As the world turns increasingly digital, virtual private networks (VPNs) continue to be in demand. With VPNs, users and their family can better protect their digital footprint, mask their online activities from scammers and digital thieves, and ensure that they are not being tracked.
Then there are those who use VPNs to gain more access. With some content kept behind the locked walls of select countries and regions, also known as geo-fencing, a VPN’s ability to work around these restrictions can prove extremely valuable and nifty for users, which puts it on the top of the popularity ladder.
Now, the free-to-use VPN services are a crowd favourite, and that’s understandable – why pay for a premium, when you can enjoy services at no cost at all? But like Facebook or YouTube, is it really free?
There’s a certain truth to the saying, “quality comes at a price,” however. Where free VPNs try to solve a problem, they also end up as a double-edged sword that exposes individuals to the threat of shoddy security and slower speeds. The rule of the thumb to keep in mind here, is this: if something sounds too good to be true, it probably is.
What is a VPN?
Let’s start by explaining how VPN services work. Simply put, they allow one to remotely connect to a server via a VPN client, where internet traffic is encrypted with a hidden IP address, making it more difficult to detect visited websites, used apps, and the like.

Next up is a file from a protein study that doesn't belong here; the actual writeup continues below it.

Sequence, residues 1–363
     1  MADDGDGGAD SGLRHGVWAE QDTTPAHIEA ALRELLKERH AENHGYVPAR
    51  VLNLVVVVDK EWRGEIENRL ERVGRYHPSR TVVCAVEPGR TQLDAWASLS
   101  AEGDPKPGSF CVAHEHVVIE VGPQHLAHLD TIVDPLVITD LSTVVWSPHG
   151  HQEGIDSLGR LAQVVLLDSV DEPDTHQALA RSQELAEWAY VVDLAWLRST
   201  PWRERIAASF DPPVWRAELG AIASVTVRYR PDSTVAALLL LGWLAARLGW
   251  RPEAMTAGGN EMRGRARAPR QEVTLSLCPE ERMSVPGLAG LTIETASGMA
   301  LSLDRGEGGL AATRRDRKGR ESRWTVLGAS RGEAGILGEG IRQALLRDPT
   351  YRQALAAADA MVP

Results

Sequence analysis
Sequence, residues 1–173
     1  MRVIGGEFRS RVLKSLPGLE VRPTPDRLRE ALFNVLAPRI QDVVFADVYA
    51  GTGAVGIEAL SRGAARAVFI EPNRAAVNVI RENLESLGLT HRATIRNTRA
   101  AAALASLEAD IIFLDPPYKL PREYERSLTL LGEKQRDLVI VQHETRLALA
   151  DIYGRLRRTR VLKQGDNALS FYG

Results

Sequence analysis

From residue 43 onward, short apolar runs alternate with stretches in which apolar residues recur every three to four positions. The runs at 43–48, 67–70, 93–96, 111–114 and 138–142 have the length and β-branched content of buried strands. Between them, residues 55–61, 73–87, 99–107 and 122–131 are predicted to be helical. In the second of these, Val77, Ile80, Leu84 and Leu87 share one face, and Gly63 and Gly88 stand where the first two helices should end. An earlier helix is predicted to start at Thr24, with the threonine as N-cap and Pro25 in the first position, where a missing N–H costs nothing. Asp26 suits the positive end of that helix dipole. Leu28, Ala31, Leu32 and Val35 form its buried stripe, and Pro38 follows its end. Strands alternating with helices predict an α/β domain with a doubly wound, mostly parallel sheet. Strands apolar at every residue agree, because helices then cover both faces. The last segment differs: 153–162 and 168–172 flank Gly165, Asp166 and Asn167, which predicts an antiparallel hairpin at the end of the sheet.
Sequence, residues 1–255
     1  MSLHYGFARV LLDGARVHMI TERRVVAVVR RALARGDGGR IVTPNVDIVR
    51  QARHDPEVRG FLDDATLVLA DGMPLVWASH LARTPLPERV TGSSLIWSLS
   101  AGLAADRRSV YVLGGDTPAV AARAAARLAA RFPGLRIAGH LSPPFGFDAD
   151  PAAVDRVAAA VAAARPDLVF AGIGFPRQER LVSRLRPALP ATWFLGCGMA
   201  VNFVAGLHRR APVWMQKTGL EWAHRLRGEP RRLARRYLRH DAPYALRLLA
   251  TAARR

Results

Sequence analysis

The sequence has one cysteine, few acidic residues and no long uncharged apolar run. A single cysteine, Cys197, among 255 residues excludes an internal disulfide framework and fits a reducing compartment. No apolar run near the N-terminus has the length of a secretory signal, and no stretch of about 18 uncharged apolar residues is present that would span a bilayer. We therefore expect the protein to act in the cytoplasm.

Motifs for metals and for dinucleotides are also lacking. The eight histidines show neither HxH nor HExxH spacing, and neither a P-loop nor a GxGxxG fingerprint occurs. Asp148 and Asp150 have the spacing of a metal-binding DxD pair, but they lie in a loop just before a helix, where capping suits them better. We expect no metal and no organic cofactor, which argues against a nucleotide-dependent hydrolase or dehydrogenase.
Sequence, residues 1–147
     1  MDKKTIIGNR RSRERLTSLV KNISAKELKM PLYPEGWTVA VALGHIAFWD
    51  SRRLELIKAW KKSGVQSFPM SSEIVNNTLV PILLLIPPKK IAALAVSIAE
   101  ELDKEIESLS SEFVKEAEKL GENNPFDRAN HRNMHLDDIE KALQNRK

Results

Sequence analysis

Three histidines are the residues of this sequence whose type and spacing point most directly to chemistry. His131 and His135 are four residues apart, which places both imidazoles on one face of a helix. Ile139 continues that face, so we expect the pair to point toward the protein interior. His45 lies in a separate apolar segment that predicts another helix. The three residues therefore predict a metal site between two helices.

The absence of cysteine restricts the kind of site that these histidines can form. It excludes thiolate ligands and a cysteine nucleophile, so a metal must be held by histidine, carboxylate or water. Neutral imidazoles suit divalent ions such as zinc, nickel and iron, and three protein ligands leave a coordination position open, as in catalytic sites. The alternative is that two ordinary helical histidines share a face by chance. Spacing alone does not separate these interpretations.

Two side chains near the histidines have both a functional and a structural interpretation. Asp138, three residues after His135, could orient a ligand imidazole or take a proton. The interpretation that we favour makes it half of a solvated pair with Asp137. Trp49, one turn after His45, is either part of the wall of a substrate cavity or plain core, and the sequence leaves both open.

It’s why they are often used to circumvent geo-fencing or blocking – technology that restricts access to Internet content based upon the user’s geographical location. An example is this is with the region-dependent libraries on streaming services such as Netflix, Hulu, and Amazon Prime, which can be accessed from almost anywhere in the world, even if the titles available vary.
What can a VPN be used for?
So what happens when you want subscribe to these services, and want to watch a show that’s on the service but not in your country? Essentially, users can use a VPN and be able to connect to a server in a different country, and spoof their actual location.
Disney+ is one of the platforms cracking down on the use of VPN by limiting its content library, but the latter serves its purpose for the most part. That doesn’t give the ease of data harvesting a free pass, though. Even if the service promises privacy protection, it’s worth noting that anonymity isn’t inherently guaranteed, because its provider system will still have access to all that internet traffic.
Why are free VPN services risky?
Free VPN services are perhaps the most guilty of this privacy breach, despite the likely unmalicious intent. As it costs money to maintain the network of servers, developers are often supported by targeted ads, which dig into the user’s browsing behaviour and internet logs that may be sold to third parties for funding purposes. Of course, this doesn’t mean all non-paid VPNs employ unscrupulous, privacy-invading measures, but it can be difficult to verify the truth behind data protection and anonymity claims, especially with companies having been busted for going against them.